All this staying-at-home has made me a little stir crazy. Let’s take a look around the internets, shall we?
Kids These Days and Their Video Games
How much gaming is too much? “My 2 Year Old Is Addicted to Video Games” is a good glimpse into the life of a father who grew up with video games and is now dealing with the fallout, in the form of his three game crazy kids. I can relate too. I still harbor fond memories of booting up the Commodore 64 and waiting 45 minutes for “Ghosts and Goblins” to load up. I can vividly recall the very moment my father brought home a Nintendo Entertainment System, complete with Super Mario, Duck Hunt, and that track and field game that you needed a giant floor pad to play. It was like stepping out into Oz. The world was no longer black and white.
Instead, it was pixelated.
Now I don’t want to sound like a stereotypical geriatric here, but things are admittedly different these days. Gaming is no longer an activity for a small niche audience. Now it’s ubiquitous, as are the devices you can play them on. My wife and I have learned to be very cautious about our use of the iPad and iPhone around Audrey, but the dam will surely break. Eventually games—whether on a mobile device or the Xbox—will seep into her life and there will be no going back. And with a son on the way, it will be increasingly difficult to manage their screen time.
How much concern is warranted though? Are video games a scourge and a rot on the brain? What are the long term effects? No one has a definitive answer here, and likely won’t for quite some time, if at all. Still, as illustrated in this piece, addiction to games and devices can deprive us of the day-to-day joys in life. And that is something I can be sure I don’t want. [National At-Home Dad Network]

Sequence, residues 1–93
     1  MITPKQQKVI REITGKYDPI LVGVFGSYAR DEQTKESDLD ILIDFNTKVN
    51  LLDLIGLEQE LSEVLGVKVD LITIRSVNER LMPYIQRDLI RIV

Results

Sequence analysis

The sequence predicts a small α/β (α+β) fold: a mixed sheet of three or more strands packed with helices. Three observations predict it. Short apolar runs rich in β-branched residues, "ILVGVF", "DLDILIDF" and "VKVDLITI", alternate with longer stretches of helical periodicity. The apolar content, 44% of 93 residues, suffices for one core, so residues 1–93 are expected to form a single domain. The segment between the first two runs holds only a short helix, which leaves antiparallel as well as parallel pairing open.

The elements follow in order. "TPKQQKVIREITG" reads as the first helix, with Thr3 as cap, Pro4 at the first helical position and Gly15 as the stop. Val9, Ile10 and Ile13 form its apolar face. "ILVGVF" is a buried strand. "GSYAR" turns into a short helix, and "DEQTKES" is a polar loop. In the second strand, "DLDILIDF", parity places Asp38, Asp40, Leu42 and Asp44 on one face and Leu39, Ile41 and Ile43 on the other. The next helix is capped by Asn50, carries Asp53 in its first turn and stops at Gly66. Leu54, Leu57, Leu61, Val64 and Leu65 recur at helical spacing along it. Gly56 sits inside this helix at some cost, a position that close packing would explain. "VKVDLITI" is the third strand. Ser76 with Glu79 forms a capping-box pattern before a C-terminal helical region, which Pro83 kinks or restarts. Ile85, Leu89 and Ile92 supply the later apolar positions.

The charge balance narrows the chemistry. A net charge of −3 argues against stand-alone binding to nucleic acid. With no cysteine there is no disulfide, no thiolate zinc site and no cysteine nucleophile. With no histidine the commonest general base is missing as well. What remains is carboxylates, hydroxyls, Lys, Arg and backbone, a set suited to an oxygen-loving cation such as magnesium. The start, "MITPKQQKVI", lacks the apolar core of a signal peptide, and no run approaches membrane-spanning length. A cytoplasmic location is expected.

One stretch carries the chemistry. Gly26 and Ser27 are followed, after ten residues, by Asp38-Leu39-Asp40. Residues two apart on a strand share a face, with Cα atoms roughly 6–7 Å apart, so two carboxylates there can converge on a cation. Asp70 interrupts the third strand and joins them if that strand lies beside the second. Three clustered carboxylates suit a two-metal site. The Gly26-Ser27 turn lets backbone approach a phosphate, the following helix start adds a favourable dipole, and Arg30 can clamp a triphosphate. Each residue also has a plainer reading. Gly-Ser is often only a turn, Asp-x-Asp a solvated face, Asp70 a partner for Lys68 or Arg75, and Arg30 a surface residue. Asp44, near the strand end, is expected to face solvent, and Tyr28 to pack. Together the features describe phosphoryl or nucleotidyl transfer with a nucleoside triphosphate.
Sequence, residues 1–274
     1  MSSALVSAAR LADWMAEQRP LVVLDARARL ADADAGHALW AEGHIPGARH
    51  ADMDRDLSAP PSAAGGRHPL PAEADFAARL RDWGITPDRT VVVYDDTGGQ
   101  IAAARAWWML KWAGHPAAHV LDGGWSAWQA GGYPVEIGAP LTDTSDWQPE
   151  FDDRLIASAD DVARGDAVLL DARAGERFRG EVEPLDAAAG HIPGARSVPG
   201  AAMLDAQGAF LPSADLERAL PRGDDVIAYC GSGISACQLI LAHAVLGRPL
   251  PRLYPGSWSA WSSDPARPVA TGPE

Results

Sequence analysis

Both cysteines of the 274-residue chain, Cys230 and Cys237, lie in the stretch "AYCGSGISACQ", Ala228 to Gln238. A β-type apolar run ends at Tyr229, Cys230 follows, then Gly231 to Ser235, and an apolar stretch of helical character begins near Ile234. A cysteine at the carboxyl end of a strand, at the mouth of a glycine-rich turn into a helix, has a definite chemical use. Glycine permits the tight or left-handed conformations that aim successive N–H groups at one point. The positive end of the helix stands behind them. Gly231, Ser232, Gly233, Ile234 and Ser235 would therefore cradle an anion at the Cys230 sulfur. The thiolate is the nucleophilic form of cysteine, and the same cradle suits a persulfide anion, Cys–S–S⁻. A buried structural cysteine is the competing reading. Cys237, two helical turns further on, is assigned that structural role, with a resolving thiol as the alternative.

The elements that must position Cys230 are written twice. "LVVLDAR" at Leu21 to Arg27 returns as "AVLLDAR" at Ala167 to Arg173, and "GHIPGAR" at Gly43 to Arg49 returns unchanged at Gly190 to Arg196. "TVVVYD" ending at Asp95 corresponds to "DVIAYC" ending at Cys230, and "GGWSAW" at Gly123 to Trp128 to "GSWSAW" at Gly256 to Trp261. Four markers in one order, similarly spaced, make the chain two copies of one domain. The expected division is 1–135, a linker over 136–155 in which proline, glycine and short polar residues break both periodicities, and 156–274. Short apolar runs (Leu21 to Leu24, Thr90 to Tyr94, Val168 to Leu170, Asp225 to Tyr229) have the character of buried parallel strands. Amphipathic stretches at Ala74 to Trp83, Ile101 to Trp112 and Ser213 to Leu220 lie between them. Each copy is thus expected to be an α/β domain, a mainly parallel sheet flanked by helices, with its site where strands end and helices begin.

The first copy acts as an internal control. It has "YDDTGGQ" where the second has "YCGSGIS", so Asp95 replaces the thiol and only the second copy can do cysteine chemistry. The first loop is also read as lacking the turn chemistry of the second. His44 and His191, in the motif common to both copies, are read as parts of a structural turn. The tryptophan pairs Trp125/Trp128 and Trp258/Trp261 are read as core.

Cutting the Cord on Cable
Going from a two-income household to just one isn’t easy. Sacrifices must be made and cable TV is a good place to start. “Requiem for Food Network & Travel Channel” knows this all too well. While I can’t say I share the same fondness for those two particular channels, I do understand the fear of cutting the cord. My wife has been busy sprinkling little reminders that we’ll need to shut it off soon, and while I agree with her, I haven’t exactly been pushing the process forward. My hope is that I can make it two more weeks because that’s how much longer “The Walking Dead” has in store for this season. After that we can shut it off and live on Netflix (and maybe Hulu) for a while.
I must admit, however, that while I do dread this change in my daily life, there is a (small) part of me that does welcome it. Perhaps less “boob tubing” will lead to more productivity and a better me! Perhaps it will make me more appreciative of the things that truly matter most in life. Perhaps it will even make me a better dad. In other words, maybe I’ll be okay after all.
That is until “Breaking Bad” comes back on, of course! [Undead Dad]
At Least I Can Still Watch TV at the Changing Table…
Somewhere out there, in the bowels of the Dove corporate offices, there’s a genius who likely initiated the following exchange:
GENIUS: “I know how to sell our products to men! We put TVs in men’s room changing tables!”
CORPORATE SUIT: “That… Is… Genius! Men should be watching TV instead of their children’s exposed bits. Here’s a million dollars!”
Yup, that’s probably exactly how this idea was born. “Dove Men+Care Blows It With Ultimate Gameday Change Table” doesn’t find it to be such a fantastic idea though, and I’m inclined to agree. Look, I don’t hate the idea of a TV in the changing table—especially at a sports arena—but I don’t like the insinuation that men will be more likely to do the job if there is one. Plus, can’t we go a few minutes from time to time without the warm, glowing warming glow of the television? Mmm?
I didn’t think so. [Dad-Camp]